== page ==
The College Opportunity Fund program provides a stipend for new and continuing in-state students going to college in Colorado. To receive the stipend, a student must apply for and authorize the use of the stipend at their respective institution. The stipend replaces traditional direct legislative appropriations to the state’s colleges and universities. Without the stipend, a student is responsible for the full amount of tuition which equals in-state tuition plus the stipend amount.
The goal of the COF program is to bring awareness to Colorado resident students that state funds exist to help finance their college education and improve access with a particular emphasis on higher education/K-12 linkages and strengthening accountability.
Undergraduate students at participating public institutions may receive a stipend from the College Opportunity Fund if they meet the following requirements:
Undergraduate students at participating private institutions may receive a stipend from the College Opportunity Fund if they meet the following requirements:
In March 2013, the Colorado General Assembly passed Senate Bill 13-033, often referred to as the Colorado ASSET legislation. This legislation modifies several procedures concerning the classification of students for tuition purposes. The Colorado Department of Higher Education is in receipt of many questions from campus and school administrators regarding the ways in which Senate Bill 13-033 will be implemented, the changes it makes to current state law, and the ways in it affects existing administrative procedures. This document is intended to serve as a general reference for commonly asked questions concerning SB 13-033. This guidance will be revised as new, unique questions are received by the Department of Higher Education.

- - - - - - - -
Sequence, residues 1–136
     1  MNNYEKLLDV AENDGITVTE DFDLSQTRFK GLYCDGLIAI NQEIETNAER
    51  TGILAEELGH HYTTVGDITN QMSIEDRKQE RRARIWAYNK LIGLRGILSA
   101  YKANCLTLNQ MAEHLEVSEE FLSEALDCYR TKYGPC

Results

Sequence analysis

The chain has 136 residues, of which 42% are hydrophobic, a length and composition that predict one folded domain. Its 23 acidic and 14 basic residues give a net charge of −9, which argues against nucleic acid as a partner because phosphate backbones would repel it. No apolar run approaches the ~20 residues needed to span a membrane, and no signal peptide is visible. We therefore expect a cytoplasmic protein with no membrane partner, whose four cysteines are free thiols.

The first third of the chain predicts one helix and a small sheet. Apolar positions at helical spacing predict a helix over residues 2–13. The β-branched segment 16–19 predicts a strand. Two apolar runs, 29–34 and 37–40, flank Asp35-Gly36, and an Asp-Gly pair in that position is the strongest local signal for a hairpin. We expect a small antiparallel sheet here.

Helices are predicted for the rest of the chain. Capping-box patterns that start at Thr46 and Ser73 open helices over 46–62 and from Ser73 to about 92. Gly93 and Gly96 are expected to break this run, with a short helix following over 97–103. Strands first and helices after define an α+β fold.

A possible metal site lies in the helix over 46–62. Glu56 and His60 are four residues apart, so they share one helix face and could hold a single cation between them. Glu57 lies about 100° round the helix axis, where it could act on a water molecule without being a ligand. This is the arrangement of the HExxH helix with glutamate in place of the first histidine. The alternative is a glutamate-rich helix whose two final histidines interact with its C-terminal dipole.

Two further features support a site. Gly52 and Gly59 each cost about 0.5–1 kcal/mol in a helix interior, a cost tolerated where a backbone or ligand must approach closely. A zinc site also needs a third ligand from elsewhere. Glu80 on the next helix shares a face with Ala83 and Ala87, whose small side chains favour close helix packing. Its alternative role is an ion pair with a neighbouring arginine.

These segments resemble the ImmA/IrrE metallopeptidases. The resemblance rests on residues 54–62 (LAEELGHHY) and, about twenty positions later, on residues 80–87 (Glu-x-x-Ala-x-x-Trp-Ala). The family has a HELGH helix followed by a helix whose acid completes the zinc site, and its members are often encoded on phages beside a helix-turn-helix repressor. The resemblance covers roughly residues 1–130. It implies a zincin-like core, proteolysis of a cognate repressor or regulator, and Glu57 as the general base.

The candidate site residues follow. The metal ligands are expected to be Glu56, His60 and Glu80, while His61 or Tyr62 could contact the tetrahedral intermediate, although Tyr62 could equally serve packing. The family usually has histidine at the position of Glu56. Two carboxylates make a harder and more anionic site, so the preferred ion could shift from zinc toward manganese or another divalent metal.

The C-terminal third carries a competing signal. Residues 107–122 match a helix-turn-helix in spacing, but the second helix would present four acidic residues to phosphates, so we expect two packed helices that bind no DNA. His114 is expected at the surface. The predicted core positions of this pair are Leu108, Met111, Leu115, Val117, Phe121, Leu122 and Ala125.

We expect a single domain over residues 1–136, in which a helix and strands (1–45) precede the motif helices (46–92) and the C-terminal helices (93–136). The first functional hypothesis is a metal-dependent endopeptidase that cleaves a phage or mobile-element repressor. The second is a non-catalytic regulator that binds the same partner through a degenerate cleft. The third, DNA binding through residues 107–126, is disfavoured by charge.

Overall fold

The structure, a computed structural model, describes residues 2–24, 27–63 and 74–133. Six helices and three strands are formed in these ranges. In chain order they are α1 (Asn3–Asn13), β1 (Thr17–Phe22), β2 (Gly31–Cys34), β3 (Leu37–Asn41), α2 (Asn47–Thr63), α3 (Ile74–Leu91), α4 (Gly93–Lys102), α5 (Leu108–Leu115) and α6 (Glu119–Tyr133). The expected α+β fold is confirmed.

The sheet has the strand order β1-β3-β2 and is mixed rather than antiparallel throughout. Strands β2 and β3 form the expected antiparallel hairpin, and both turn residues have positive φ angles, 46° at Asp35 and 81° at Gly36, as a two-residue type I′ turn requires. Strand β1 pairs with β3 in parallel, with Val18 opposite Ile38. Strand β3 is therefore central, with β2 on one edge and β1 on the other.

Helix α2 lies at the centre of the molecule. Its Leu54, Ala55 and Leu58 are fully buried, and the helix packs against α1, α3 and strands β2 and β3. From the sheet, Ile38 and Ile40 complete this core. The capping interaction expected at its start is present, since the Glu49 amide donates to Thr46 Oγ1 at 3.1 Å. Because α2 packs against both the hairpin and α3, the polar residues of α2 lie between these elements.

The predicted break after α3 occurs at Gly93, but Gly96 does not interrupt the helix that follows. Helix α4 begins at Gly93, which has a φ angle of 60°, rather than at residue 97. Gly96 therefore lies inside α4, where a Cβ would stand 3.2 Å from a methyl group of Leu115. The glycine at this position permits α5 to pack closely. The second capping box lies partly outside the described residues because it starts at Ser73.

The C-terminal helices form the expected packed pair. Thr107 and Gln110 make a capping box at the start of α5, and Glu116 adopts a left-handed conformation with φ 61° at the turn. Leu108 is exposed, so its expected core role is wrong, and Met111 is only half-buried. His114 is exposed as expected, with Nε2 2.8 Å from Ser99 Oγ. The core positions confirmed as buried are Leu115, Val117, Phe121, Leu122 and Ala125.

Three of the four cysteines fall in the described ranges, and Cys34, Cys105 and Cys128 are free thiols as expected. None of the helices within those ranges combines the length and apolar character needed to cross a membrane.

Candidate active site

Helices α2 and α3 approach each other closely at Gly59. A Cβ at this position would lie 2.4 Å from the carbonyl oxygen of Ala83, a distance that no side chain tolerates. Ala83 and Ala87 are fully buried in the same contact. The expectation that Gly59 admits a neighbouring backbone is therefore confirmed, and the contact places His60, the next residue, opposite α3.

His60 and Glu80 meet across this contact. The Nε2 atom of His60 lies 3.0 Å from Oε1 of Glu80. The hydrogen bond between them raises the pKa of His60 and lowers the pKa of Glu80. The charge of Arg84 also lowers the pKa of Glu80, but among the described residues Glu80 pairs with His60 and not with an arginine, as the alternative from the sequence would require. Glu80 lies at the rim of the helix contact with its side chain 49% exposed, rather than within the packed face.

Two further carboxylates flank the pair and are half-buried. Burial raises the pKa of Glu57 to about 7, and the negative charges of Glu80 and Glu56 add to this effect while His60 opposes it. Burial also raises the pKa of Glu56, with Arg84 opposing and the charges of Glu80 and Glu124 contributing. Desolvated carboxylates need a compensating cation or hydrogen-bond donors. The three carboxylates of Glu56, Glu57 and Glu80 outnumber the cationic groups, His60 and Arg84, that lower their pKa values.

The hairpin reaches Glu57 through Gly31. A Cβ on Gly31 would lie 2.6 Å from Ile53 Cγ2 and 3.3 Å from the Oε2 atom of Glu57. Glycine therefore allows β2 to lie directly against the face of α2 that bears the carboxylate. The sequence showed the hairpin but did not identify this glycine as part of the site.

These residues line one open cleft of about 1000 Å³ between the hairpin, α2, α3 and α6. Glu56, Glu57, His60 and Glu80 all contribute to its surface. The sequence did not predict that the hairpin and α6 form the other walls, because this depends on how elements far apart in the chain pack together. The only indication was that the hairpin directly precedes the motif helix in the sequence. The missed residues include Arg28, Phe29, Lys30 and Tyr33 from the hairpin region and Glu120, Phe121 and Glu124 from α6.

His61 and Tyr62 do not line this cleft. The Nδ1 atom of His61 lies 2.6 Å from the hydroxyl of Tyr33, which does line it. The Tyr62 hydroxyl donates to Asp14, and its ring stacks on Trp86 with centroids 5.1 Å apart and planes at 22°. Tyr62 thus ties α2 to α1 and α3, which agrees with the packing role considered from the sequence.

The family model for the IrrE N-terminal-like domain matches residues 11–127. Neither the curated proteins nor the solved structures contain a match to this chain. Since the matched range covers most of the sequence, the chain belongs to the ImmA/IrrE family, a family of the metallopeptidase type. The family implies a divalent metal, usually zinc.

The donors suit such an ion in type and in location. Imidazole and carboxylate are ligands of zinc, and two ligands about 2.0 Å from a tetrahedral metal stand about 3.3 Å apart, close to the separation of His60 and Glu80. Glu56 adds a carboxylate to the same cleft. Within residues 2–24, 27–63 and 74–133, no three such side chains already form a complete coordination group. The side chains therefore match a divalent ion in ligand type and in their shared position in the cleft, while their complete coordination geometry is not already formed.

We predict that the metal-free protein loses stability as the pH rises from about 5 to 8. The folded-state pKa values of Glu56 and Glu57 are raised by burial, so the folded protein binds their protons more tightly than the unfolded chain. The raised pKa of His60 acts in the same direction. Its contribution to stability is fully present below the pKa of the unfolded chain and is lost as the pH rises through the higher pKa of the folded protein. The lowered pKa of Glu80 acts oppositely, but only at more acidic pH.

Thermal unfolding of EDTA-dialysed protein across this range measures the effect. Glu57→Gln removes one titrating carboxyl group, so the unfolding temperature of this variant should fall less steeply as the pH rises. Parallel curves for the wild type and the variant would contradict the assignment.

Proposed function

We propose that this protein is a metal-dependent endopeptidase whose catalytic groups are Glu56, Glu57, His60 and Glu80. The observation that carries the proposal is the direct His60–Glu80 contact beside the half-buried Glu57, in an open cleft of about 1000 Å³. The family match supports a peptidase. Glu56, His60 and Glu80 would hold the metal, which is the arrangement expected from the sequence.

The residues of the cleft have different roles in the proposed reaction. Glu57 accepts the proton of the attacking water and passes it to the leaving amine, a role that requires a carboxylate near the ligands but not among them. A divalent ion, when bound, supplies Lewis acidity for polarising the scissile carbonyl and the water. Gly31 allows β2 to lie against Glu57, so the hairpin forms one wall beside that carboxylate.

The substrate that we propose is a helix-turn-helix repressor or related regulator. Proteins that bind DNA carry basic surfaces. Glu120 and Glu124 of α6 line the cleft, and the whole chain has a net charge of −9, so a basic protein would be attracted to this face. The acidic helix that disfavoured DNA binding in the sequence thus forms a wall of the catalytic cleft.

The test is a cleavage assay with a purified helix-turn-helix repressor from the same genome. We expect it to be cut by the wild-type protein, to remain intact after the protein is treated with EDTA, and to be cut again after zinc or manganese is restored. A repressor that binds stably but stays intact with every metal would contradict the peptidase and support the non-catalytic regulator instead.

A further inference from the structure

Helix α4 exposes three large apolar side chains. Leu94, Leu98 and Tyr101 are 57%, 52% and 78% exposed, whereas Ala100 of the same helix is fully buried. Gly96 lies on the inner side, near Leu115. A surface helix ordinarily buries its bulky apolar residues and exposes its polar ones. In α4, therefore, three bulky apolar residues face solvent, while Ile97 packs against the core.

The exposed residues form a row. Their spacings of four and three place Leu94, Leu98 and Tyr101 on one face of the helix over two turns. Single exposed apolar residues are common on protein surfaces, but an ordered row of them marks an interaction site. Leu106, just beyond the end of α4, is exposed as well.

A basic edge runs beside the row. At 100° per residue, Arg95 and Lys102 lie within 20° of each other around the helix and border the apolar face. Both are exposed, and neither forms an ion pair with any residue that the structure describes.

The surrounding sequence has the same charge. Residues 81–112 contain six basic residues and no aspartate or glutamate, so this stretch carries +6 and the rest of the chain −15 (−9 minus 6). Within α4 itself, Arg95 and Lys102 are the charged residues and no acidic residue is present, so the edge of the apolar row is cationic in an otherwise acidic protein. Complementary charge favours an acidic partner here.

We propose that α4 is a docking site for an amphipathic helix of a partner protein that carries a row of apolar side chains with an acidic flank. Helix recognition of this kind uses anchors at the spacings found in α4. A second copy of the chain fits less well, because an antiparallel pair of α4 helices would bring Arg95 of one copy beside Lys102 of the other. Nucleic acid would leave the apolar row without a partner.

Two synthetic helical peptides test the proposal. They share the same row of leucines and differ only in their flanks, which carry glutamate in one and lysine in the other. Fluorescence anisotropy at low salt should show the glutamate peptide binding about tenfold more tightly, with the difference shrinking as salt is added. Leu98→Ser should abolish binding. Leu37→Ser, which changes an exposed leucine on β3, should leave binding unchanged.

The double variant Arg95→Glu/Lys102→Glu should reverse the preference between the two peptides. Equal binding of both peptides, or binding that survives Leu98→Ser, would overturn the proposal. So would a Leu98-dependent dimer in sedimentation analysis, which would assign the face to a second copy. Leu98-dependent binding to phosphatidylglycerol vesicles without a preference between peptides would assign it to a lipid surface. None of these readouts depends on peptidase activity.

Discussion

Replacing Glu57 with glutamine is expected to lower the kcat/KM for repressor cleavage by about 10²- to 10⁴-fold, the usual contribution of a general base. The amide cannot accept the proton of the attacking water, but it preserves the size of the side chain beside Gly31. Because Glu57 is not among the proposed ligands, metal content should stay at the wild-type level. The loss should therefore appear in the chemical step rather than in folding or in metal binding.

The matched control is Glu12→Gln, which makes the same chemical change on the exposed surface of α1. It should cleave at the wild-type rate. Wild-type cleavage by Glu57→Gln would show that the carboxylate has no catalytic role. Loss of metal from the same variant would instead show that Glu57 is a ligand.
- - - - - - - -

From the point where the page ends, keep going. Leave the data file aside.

Students primarily choose colleges based on their major of choice and whether or not they fit the admission criteria. Other factors include level of prestige, cost, location, size, and extracurricular activities.
It is important for students to set realistic goals for themselves and apply to schools that are within their reach and a little above their reach. Students should sort and classify the schools they apply to in order to ensure they are setting realistic, possible college goals. Read the criteria below to determine if you are choosing colleges that within a reasonable set of expectations.
Match – A match school is one where your academic credentials (GPA, SAT or ACT scores, and extracurricular involvement) fall well within (or even exceed) the school’s range for the average freshman. There are no guarantees, but it is not unreasonable to be accepted to several of your match schools.
Dream- A dream school is one where your academic credentials are below the school’s range for the average freshman or a school that is incredibly competitive (private universities, Ivy Leagues). Dream schools are long-shots, but they should still be possible (and not a dream).
Safety – A safety school is one where your academic credentials are above the school’s range for the average freshman. You should be reasonably certain that you will be admitted to your safety schools. Like the rest of your list, these should also be colleges you would be happy to attend. In addition to an admissions safety school, it is a good idea to include a financial safety school on your list, one that you and your family can afford even if you received no aid at all.
I highly recommend that all students apply to 2 Safety, 3-4 Match, and 1-2 Dream universities.